Get Your Elected Officials to Pay Attention — A Simple Daily Plan For Every Voter
I’m working on a list of 100 things you can do as a member of what I lovingly call “The Rebel Alliance” (because I’m a tiny bit of a Star Wars nerd).
But most people I know would find that overwhelming. So for now, here’s something simple and effective you can do, in four steps, and 15 minutes a day.
A simple plan for long term change
Step two: Educate yourself on the issues, legislation and bills that are coming up on the local, state and national level.
Step three: Call one of your representatives every day. Don’t email. Don’t tweet. Pick up the phone and spend 5 to 15 minutes talking to a staffer in your elected officials offices.
Let them know where you stand on impending legislation and other issues you know about.
Ask them what your representative’s priorities are, bills that could become law, policies they are supporting, or even things that you read about in step two that you don’t understand.
Step four: Keep a public record of what happened when you called.
Start small. Commit to one small but effective action a day.
If you never do more, being part of the masses of people doing this little bit can make a huge impact.
Especially if you talk about what happened — there’s noting an elected official hates more than looking bad, and nothing they love and need more than positive press, even in a personal blog.
This is your power, and you can use it to get the people who were elected to be your voice to actually do their job.
How do we know this works?
So we know what happens if we don’t respond in kind. Like anyone else, the people in Congress have their own interests and goals. Some of them ran for office for their own agendas more than they did to serve us.
But. They can’t stay in office without us. And unless the day comes where we lose the right to vote (and some of us have lost the ability) — they need us. That’s our leverage.
Here’s what happened when I called today
I tried to call my senator, Benjamin Cardin. I kept getting voicemail so I called my congressional representative, as my vow was to speak with someone from at least one elected official’s office every day.
A staffer in Anthony Brown’s office picked up. I expressed my dissatisfaction about Trump’s proposed cabinet members, Sessions in particular, knowing that representatives don’t actually vote on this. I wanted to see what she would say.
The staffer listened patiently, then let me know that my representative couldn’t vote against the appointment of the cabinet. But she said that my representative wanted to know my feelings, and asked me if there was a specific appointment I was concerned about.
We talked some more, and I asked her advice about the best way to express my views, and be sure that my elected officials were represented me. She assured me, that as I have read elsewhere, phone calls were among the smartest things to do.
She then looked up the district office number for my Senator, telling me that if I couldn’t reach him in DC, I should call there because both offices record and tally voter opinions and requests.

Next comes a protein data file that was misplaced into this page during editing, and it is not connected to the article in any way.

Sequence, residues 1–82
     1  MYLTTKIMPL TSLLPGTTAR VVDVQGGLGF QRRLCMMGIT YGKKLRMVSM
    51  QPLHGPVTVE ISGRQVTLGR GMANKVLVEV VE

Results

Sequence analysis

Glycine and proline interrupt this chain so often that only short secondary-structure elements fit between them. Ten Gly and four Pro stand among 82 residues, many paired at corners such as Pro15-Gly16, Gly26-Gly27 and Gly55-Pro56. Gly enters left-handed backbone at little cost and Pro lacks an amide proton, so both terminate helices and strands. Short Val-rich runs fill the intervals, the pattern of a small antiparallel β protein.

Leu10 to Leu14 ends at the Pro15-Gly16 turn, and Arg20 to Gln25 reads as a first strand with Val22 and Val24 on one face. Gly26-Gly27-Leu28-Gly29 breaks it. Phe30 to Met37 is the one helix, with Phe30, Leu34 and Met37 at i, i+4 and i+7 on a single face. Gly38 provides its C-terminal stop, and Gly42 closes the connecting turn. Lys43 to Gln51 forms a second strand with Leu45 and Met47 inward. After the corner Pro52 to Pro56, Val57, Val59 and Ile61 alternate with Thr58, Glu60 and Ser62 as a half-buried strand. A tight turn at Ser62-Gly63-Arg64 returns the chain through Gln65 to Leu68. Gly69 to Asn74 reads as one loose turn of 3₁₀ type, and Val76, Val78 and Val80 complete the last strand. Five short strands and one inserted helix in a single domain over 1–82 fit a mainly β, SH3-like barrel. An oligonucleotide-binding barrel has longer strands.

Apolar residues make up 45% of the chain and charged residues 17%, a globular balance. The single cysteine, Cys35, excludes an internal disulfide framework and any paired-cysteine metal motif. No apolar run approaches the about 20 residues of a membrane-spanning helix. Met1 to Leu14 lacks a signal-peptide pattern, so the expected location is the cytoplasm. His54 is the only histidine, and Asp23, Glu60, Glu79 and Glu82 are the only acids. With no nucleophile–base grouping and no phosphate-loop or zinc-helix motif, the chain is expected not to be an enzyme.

She asked for my city and zip code, but not my name even though I volunteered it.
She also found me the DC number to the direct office of my state’s other Senator.
In all it was a great experience. I don’t expect it always to be one, but for someone who hates making phone calls, this is encouraging.
Here are some tools that can help you.
The Indivisible Guide — some former congressional staffers reverse engineered the effective efforts of the Tea Party and adapted them into a guide for helping to protect democracy during the President-elect’s upcoming administration.
Here’s an article that clarifies why calling is important and has more impact than email. Here’s another featuring the tweets of the congressional staffer who initially gave this advice. These sentiments are echoed by many in the know.
Look them up on Twitter too — their tweets may tell you about events, or at the very least, link to their site.
When you see a website, check to see if there’s information on the local district office for when you can’t get through to them in Washington DC.
We’re the ones who have to do the work now
An argument could be made that if those of us who care about maintaining the advances that happened in the last 8 years had acted sooner, much of this could have been thwarted.
That view could be valid. It could also be that gerrymandering and voter suppression is to blame, that Russia successfully hacked our election or at least our election process, or the truth could be a combination of many factors.
We may never know the whole truth.
And whatever that truth is, it wouldn’t come with a time machine to undo what has transpired. If we can affect the future with some consistent grassroots action now, as others have done before us, I don’t see the downside of giving it our best shot.
At least until someone comes up with a better, more effective plan.
I hope you’ll join me. And I look forward to reading and sharing your account of what happens.